Panama–United States relations

Panama – United States relations
Map indicating locations of Panama and USA

Panama

United States

Panama–United States relations are bilateral relations between Panama and the United States.

According to the 2012 U.S. Global Leadership Report, 32% of Panamanian people approve of U.S. leadership, with 16% disapproving and 52% uncertain.[1]

Overview[]

Independence of Panama and US intervention[]

The United States first attempted to acquire control of a canal on the Panamanian isthmus via the Hay-Herran Treaty of 1903, but the treaty was not ratified. Desperate to construct a canal, the United States saw the separatist movement as an opportunity. Despite the Bidlack-Mallarino Treaty of 1846 in which the United States would intervene in the event of a disorder between Panama and Colombia in Colombia’s favor, the United States prevented Colombian forces from moving across the isthmus to stop the Panamanian uprising. [2]On November 4, 1903, the immediate support of the USA secured the Declaration of Independence of Panama from Colombia. In return, Panama signed the Hay–Bunau-Varilla Treaty three weeks later, granting the USA sovereign rights over the interoceanic canal that would be built over the following decade.

Relations during the 20th century[]

The evolution of the relation between Panama and the USA has followed the pattern of a Panamanian project for the recovering of the territory of the Canal of Panama, a project which became public after the events of January 9, 1964. The day is known in Panama as the Martyrs' Day (Panama), in which a riot over the right to raise the Panamanian flag in an American school became the vicinity of the Panama Canal.

The following years saw a lengthy negotiation process with the United States, culminating with the Torrijos–Carter Treaties, in which the transfer of the Panama Canal to Panama was set to be completed in December, 1999. The process of transition, however, was made difficult by the existence of the de facto military rule of Manuel Antonio Noriega in Panama from 1982 to 1989.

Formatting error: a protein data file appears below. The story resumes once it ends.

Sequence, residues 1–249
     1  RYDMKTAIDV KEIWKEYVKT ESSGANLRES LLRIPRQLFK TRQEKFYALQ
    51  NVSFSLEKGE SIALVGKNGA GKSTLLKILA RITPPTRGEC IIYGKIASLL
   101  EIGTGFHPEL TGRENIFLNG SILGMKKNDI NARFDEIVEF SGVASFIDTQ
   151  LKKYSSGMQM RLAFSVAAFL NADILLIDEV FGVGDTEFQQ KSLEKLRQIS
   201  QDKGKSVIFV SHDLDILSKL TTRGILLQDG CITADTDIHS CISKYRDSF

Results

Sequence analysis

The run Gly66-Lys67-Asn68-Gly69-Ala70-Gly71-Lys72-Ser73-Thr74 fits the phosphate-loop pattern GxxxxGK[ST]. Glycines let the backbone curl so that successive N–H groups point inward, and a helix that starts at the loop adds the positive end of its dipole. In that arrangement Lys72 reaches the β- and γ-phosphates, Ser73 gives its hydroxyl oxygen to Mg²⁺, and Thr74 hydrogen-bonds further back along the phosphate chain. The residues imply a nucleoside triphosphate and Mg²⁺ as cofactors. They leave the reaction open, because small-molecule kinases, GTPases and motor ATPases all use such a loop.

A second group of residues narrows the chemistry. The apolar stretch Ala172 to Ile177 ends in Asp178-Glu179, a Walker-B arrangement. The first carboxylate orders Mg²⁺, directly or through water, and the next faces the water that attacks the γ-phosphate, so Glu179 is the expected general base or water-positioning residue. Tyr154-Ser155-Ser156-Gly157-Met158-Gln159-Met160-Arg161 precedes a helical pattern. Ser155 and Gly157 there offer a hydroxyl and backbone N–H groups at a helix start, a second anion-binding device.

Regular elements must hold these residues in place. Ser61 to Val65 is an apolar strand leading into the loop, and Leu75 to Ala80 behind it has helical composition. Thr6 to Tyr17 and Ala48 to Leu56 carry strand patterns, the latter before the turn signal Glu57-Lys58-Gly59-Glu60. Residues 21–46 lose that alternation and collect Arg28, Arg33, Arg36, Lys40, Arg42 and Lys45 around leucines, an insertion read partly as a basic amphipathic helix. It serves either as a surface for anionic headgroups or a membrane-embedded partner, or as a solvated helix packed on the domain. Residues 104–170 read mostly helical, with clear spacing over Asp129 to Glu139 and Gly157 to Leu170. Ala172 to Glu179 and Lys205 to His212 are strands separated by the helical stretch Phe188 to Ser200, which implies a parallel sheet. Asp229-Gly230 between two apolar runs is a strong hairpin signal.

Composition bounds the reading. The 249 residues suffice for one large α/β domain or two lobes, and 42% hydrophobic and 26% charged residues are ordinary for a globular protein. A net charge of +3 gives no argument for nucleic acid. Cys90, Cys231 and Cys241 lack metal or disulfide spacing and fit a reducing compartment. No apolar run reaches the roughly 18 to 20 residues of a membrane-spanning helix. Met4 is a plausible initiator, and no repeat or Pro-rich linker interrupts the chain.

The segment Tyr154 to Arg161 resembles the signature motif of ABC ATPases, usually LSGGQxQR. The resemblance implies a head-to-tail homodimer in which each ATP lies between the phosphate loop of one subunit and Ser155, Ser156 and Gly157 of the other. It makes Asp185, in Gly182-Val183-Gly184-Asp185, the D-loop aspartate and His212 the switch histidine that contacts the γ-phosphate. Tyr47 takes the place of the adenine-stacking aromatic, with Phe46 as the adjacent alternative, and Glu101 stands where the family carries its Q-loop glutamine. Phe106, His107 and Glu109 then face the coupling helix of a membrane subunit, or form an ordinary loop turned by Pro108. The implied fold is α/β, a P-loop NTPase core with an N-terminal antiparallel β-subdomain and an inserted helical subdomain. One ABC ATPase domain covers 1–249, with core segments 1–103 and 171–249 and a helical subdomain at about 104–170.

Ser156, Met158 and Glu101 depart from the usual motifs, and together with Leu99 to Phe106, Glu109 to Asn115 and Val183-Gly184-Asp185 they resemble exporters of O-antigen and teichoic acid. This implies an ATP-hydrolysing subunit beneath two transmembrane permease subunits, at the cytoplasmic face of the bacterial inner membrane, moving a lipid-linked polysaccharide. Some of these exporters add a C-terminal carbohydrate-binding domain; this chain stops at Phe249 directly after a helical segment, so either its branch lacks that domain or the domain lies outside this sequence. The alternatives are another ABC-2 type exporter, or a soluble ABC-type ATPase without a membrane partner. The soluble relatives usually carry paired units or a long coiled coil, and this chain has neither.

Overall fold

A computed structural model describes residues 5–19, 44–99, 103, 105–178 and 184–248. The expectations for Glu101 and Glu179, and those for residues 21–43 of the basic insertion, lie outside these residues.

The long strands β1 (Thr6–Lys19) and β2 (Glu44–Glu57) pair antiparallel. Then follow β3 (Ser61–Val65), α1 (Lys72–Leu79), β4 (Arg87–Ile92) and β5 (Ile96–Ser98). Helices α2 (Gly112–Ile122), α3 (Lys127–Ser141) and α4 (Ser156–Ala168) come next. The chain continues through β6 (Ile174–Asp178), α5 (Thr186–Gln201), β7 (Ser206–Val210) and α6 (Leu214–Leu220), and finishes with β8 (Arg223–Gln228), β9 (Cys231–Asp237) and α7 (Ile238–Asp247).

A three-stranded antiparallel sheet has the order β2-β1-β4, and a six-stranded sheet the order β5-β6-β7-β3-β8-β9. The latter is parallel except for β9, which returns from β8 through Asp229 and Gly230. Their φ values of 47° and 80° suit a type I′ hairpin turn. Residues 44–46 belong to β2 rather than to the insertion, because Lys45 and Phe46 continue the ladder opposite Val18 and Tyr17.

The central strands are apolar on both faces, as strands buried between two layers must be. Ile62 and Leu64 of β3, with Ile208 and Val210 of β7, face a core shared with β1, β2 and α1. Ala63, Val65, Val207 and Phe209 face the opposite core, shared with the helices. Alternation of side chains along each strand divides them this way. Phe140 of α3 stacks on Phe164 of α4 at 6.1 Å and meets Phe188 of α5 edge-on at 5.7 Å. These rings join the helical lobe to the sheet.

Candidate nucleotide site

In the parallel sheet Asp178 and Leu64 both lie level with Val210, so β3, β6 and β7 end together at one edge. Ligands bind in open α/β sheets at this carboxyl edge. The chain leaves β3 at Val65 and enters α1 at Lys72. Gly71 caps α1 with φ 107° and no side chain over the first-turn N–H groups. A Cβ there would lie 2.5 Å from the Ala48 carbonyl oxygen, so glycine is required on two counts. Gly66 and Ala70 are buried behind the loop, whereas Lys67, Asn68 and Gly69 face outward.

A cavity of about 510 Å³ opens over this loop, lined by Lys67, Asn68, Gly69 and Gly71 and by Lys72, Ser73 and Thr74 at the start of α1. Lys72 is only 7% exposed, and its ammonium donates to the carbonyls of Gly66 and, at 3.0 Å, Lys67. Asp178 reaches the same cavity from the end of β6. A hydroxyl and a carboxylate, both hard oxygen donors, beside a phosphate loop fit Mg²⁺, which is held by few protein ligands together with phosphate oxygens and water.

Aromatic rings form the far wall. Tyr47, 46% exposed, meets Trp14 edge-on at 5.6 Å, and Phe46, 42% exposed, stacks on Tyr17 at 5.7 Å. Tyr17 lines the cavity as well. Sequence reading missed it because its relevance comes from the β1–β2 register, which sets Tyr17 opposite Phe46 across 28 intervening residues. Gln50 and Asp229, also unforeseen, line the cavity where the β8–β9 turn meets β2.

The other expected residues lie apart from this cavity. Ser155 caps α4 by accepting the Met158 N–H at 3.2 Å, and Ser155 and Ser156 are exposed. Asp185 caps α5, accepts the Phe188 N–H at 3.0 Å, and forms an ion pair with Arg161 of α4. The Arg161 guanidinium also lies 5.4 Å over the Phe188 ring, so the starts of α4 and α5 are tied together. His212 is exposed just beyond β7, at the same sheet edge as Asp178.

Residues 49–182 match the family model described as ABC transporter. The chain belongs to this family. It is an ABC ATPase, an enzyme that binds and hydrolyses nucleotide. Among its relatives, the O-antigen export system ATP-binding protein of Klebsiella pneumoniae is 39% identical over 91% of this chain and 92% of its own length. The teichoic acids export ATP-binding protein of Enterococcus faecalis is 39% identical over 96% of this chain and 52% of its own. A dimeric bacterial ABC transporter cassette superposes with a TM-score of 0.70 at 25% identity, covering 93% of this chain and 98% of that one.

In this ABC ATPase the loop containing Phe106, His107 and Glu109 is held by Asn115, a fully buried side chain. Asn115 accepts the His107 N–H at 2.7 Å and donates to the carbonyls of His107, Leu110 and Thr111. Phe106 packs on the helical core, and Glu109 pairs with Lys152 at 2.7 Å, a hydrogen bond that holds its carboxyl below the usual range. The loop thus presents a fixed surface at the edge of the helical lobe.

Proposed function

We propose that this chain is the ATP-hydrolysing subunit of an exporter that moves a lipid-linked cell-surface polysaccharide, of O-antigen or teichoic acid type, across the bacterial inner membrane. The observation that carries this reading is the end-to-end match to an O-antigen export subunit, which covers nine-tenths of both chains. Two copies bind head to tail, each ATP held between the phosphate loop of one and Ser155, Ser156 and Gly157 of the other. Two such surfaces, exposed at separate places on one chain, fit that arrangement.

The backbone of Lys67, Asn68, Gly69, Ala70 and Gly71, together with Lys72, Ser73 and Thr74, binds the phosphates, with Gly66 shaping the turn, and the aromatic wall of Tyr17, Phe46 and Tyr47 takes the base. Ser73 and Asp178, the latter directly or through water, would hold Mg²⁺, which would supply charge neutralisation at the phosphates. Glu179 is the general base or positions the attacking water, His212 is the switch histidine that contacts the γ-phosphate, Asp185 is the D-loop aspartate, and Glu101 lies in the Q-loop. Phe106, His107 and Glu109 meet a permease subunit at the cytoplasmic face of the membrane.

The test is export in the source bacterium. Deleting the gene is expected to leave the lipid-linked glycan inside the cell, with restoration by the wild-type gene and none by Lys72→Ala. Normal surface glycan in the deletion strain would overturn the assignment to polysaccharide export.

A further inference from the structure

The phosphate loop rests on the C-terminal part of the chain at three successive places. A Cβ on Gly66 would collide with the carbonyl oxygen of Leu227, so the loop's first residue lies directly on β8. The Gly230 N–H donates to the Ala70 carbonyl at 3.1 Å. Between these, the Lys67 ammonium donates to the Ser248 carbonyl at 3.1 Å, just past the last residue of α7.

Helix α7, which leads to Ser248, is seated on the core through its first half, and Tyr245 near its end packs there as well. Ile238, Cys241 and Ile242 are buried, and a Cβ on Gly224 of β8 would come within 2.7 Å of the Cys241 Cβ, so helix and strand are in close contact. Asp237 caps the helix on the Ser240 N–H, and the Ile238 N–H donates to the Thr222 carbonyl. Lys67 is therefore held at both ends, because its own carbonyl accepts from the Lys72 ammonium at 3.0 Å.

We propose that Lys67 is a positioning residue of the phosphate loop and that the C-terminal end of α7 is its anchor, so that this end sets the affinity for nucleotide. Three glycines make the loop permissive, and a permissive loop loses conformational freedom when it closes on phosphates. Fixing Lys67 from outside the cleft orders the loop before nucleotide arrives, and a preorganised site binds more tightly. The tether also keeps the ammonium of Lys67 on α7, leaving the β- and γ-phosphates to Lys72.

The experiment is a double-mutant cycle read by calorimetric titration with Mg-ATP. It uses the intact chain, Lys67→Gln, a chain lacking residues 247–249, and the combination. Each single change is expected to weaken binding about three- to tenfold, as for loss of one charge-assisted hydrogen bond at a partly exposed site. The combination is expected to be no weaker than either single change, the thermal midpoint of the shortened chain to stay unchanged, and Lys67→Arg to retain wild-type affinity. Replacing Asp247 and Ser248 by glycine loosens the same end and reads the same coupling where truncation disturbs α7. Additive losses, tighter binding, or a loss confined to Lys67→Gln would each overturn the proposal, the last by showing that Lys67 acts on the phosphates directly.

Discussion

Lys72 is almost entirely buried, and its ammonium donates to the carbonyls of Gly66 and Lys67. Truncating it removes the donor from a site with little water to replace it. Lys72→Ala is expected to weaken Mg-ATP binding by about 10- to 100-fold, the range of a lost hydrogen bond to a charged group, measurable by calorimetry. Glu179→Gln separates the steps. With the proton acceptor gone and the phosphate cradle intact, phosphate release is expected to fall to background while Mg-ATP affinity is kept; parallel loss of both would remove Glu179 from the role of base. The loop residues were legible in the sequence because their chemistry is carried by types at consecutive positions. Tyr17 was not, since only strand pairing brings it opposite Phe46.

The 1977 Panama Canal Treaties entered into force on October 1, 1979. They replaced the 1903 Hay–Bunau-Varilla Treaty between the United States and Panama (modified in 1936 and 1955), and all other U.S.-Panama agreements concerning the Panama Canal, which were in force on that date. The treaties comprise a basic treaty governing the operation and defense of the Canal from October 1, 1979 to December 31, 1999 (Panama Canal Treaty) and a treaty guaranteeing the permanent neutrality of the Canal (Neutrality Treaty).

The details of the arrangements for U.S. operation and defense of the Canal under the Panama Canal Treaty are spelled out in separate implementing agreements. The Canal Zone and its government ceased to exist when the treaties entered into force and Panama assumed complete jurisdiction over Canal Zone territories and functions, a process which was finalized on December 31, 1999.

United States invasion of Panama[]

On December 20, 1989, in order to arrest Manuel Noriega, the United States invaded Panama. The military intervention helped to swear into power the winners of the elections of May 1989, President Guillermo Endara.

The History of the Relations between Panama and the USA are a mandatory course in the curriculum of Public High School in Panama. [3]

Recent history[]

The United States cooperates with the Panamanian government in promoting economic, political, security, and social development through U.S. and international agencies. Cultural ties between the two countries are strong and many Panamanians go to the United States for higher education and advanced training. In 2007, the U.S. and Panama partnered to launch a regional health worker training center. The center provides training to community healthcare workers in Panama and throughout Central America. About 25,000 American citizens reside in Panama, many are retirees from the Panama Canal Commission and individuals who hold dual nationality. There is also a rapidly growing enclave of American retirees in the Chiriquí Province in western Panama.